WebRTC Expert Feature

October 29, 2013

Knowing You're 'Truly' a Dog on the Internet

The age summed up by that classic New Yorker cartoon caption, “On the Internet, nobody knows you’re a dog,” has come to an end.

Image via Washington Post

As usual, let me start with some apologies as this is going to get a little ugly, or at least refer to the ugly…that being those who may have chosen to post a personal avatar and/or pictures of “themselves” that represent more of their aspirations than their actual appearance, perhaps someone they feel is more intriguing, beguiling and evocative.

Truly.am is a website that uses facial recognition to verify that the picture of the person you are seeing is actually of the person you are seeing. It works well with regard to those people to whom you are connecting that are unknown to you, such as celebrities and potential romance partners. 

It is somewhat easy to be confronted with a fake picture on the dating side, so let’s start there. Let’s say you are chatting up someone you have been flirting with online and are ready to take it to the next step. Upon initiation via email request to the target party – which that party must accept for the service to work – Truly.am employs their webcam to take a video of their face and connect that face to the email address. Next, Truly.am uses facial recognition software to perform an analysis, using Truly.am servers in the cloud to perform a comparison of the video against the target party’s offered picture. Then once the analysis is complete, the sender receives corroboration as to whether the face truly associates to the original picture.

To be candid, I like the Truly.am service due to its use of WebRTC, however it does leave me with many uncomfortable questions, and even Truly.am developers Agustin Haller and Dayana Jabif recognize that a great many want to maintain anonymity on the Internet. Flirting, though, has been a VoIP windfall and there is no reason to think that it can’t have the same impact for WebRTC. With VoIP, perhaps the most appealing was the ability to obtain “pseudo” numbers that could be disposed of in the event that a relationship fell apart. When you verify someone via email, however, the big question is whether the target party will opt to use a “pseudo” email account. After all, the point of revealing yourself may not be to create a lasting relationship but to move to a more authentic discussion.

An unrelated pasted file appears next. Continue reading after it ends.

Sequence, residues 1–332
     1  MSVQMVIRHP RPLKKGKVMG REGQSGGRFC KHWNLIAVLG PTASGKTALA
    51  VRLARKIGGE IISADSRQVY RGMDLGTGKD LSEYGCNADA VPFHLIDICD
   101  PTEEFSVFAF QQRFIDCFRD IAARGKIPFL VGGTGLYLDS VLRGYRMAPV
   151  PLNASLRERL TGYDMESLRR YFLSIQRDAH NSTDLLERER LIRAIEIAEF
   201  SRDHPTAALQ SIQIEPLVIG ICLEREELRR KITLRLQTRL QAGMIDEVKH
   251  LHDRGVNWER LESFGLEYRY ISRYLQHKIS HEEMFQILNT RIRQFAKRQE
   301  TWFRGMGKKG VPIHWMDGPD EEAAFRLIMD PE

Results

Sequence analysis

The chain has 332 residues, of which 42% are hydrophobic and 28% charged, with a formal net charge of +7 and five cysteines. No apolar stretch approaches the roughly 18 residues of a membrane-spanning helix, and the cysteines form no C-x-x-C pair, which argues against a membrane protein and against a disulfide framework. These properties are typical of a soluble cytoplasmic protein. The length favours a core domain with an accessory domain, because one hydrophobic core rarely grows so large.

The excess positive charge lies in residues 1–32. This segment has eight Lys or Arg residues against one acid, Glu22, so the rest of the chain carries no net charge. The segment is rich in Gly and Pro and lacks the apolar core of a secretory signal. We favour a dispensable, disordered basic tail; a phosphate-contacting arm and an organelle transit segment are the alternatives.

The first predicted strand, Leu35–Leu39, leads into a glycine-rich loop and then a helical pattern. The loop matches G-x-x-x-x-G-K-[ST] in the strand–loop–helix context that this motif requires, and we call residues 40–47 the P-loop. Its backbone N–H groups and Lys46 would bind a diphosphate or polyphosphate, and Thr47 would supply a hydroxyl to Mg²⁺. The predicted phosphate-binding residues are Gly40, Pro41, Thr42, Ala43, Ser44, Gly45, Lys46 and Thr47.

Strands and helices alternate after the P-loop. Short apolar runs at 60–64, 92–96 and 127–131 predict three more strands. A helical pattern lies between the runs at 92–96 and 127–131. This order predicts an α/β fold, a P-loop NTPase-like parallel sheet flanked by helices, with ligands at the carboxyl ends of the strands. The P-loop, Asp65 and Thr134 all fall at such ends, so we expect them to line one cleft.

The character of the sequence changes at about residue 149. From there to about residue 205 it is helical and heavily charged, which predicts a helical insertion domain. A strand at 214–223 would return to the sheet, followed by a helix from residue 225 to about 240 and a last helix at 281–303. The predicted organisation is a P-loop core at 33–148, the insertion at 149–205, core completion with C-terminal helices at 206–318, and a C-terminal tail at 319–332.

As for the celebrity market, the people who perform support tasks via Twitter may not be authentic. Many celebrities have suffered having their identity compromised by fans, exploiters and other problematic people, and Truly.am may be something this audience can use to maintain some semblance of identity control.

At day’s end, I think Truly.am can be an interesting addition for many applications, and based on the code I was able to view, I think it does a nice job of bringing HTML5 and WebRTC to any device. Of course, I hope to tell you more about the Truly.am service in the future, and until then you will have to trust that I am who I say I am. 

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Edited by Rachel Ramsey
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